I remember years ago when a presidential candidate wanted to show how common he was and went shopping in a supermarket. He completely blew it in the checkout line, when the cashier used the barcode scanner to put the price of the items he intended to buy into the register. He marveled at this new technology (it was in use for two decades), so much for wanting to appear like common folk! I watched that on TV and laughed, telling my wife that he has never had the problem of balancing his own checkbook.
The New Testament tells us that the One who became Jesus took on the nature of a servant and was made in the likeness of man (Philippians 2:7). He wrapped himself in skin and dwelt with men (John 1:14). As Christians we believe that Jesus remained God, when he became man. That is, he had God’s nature, his essence, but not his power. In taking on flesh God embraced weakness, the same limitations we all have. I heard it best explained as a bucket of water, where the bucket is flesh and the water is God’s life. Human life (the water) is limited by the same bucket (flesh) that Jesus/God was limited. He was therefore equally God and equally man, but how human is that?
We are told that Jesus experienced the same temptations we experience but never sinned (Hebrews 4:15). Should we understand this scripture to say that Jesus was exactly like us in his lusts/desires? I don’t believe so, and I hope to show why this is not so. Consider James 1:14, where we are told that men are tempted when they are carried away (dragged away) by their own lust. The NIV wrongly translates it “evil desire;” it is simply desire/lust. Jesus desired with great desire to spend his last Passover with his disciples (Luke 22:15). I like the way the NIV has it: “I have eagerly desired…” The same Greek word (G1939) is used in Luke 22:15 as in James 1:14. Therefore, we can say that whenever Jesus was tempted or tested he was drawn away (dragged away) by his own desire (James 1:14), probably at the suggestion of others. That is, the thought didn’t originate with Jesus, but because his desires resonated with the desires of men his mind was “dragged away” to consider what men wanted him to do. All of Jesus’ temptations can be shown to have originated this way, even in Luke 4 and Matthew 4. How should we understand this?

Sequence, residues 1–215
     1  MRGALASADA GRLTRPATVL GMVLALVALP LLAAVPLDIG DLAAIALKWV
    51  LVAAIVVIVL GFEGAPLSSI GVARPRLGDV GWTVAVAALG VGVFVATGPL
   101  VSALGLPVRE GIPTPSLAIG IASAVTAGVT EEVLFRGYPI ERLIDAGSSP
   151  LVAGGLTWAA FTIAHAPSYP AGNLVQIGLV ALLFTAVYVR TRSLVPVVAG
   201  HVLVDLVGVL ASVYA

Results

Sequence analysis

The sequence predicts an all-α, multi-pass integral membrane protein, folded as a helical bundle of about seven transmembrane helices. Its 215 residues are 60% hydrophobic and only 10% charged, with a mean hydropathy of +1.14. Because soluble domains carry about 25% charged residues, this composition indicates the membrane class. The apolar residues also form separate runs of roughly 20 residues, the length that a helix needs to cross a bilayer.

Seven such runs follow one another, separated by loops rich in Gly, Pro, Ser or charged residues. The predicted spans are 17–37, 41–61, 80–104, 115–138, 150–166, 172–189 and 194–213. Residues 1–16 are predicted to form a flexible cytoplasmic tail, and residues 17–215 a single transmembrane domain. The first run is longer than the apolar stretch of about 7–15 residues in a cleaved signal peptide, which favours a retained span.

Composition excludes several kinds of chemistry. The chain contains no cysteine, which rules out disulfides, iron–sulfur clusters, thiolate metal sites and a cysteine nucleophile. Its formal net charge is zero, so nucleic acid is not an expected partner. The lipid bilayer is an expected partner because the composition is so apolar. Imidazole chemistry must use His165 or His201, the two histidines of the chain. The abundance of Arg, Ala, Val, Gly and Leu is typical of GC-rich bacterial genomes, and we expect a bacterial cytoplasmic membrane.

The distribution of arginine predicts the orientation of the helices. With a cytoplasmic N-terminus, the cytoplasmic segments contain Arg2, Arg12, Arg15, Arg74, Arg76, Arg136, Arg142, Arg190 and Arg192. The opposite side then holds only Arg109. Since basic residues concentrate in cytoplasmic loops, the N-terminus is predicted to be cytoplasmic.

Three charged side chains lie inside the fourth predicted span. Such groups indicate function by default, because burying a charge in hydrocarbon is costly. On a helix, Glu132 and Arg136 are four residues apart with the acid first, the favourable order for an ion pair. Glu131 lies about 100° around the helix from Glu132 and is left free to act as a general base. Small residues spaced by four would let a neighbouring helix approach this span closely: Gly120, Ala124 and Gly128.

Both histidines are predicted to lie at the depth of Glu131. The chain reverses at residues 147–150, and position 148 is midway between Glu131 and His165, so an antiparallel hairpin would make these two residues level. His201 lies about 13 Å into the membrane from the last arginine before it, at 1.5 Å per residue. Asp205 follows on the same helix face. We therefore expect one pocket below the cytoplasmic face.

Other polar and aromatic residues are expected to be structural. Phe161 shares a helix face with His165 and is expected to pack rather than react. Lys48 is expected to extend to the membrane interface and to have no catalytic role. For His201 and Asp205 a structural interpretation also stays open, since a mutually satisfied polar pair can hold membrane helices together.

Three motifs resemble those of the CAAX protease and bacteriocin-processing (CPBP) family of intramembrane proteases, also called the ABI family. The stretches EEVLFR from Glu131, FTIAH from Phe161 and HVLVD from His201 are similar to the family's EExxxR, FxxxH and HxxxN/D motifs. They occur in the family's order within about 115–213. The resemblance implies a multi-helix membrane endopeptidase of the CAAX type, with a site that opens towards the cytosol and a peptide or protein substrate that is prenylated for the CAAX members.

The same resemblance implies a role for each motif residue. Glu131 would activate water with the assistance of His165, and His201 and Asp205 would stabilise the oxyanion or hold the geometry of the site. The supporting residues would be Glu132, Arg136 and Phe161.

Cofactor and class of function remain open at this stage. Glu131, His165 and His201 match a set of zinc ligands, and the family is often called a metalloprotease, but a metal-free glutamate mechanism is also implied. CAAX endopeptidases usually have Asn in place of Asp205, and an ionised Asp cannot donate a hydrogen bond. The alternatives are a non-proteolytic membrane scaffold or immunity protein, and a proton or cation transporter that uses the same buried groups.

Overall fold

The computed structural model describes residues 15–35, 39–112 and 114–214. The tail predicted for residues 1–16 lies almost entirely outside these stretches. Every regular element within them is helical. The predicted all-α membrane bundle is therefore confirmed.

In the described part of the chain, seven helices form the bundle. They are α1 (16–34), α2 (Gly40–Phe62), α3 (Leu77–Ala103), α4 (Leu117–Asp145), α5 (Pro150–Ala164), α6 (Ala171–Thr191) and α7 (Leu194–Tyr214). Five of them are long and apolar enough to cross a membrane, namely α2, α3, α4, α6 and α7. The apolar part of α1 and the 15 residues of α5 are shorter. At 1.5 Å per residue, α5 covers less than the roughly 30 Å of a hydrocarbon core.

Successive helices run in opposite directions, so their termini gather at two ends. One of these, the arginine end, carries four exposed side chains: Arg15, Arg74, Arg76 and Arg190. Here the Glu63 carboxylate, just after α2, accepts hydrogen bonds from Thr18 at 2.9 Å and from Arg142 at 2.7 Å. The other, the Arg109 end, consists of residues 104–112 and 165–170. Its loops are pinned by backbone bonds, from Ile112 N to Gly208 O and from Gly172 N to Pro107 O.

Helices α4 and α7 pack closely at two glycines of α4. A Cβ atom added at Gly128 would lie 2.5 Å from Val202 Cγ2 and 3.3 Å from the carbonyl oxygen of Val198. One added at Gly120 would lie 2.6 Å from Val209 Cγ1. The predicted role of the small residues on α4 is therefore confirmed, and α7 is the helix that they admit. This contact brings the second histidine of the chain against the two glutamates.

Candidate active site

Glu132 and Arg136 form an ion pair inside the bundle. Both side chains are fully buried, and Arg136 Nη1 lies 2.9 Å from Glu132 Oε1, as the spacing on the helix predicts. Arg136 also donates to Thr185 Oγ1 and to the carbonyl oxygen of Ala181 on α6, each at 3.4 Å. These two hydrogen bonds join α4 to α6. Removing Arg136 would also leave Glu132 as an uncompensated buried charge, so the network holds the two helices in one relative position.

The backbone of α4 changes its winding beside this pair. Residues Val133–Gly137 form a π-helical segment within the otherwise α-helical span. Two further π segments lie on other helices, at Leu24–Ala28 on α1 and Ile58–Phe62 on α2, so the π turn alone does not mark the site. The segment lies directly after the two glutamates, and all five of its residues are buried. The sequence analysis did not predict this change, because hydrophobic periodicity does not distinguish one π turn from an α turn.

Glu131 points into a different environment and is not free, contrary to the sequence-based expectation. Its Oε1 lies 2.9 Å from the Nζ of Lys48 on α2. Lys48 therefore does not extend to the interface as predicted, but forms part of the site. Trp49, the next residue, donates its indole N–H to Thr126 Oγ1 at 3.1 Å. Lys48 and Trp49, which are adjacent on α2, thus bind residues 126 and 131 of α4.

First of all, I believe we should understand it in the light of the reason for Jesus’ coming, namely, to save mankind—to provide a way out of death. Jesus is the Lord of the new creation—or we could say he is the second Adam (1Corinthians 15:45-47). He has told us that he is not the Lord of this life (John 18:36). Rather, he is the Way out of this life (John 14:6) or out of Adam and into Himself (Romans 8:1; Galatians 3:28). Therefore, if Jesus is to save us from this life/death in Adam, how could he ever be enticed by Adam’s life (cp. James 1:14)? To be enticed (G1185) one is to be deluded or entrapped. We are deluded or enticed (G1185) by the desires of life in Adam, and when legitimate desire is deluded, it brings forth sin (James 1:15), but Jesus, though he was tested/tempted in the same manner that we are, he was never deluded and, therefore, could never sin (Hebrews 4:15). But, how was this done?
The scriptures tell us that, if we “walk in the Spirit, we shall not fulfill the desires of the flesh” (Galatians 5:16), because the flesh and the Spirit are contrary to one another. One is unable to walk in the Spirit and keep from sinning and walk in the flesh and sin at the same time (Galatians 5:17). This Scripture was brought home to me once when I was a young man. I lusted after women, and couldn’t keep my eyes from looking lustfully at a pretty woman. I often tried, but I was too weak, and eventually I would let my eyes behold what I knew I shouldn’t consider. Once I stood in a bank to cash my check and saw a pretty young woman in line. Immediately, I thought—“Oh no, another defeat! I began to pray, when suddenly I realized I couldn’t pray and let my eyes roam at the same time. As long as I prayed I had no compulsion to look at the woman! I wish I could say I never lusted again, but I cannot. Nevertheless, for the first time I became acquainted with the power of God to overcome temptation. Jesus never sinned, because he was continually filled with the Holy Spirit and continually walked in the Spirit and, therefore, couldn’t sin. Thus, not only does Jesus show us his weakness in that he became flesh to dwell with us, but also shows us his power or the Way out of death—trusting him, looking to him (Hebrews 12:1-2) who knew no sin.
 As I said HERE, this current theme about the person of Jesus is based upon the book: The Jesus Style by Gayle Erwin. They are my thoughts about his book. He may or may not agree with the impression his book has made upon me, but I thoroughly enjoyed reading what Gayle wrote and recommend his book to anyone who is looking for a good read about Jesus.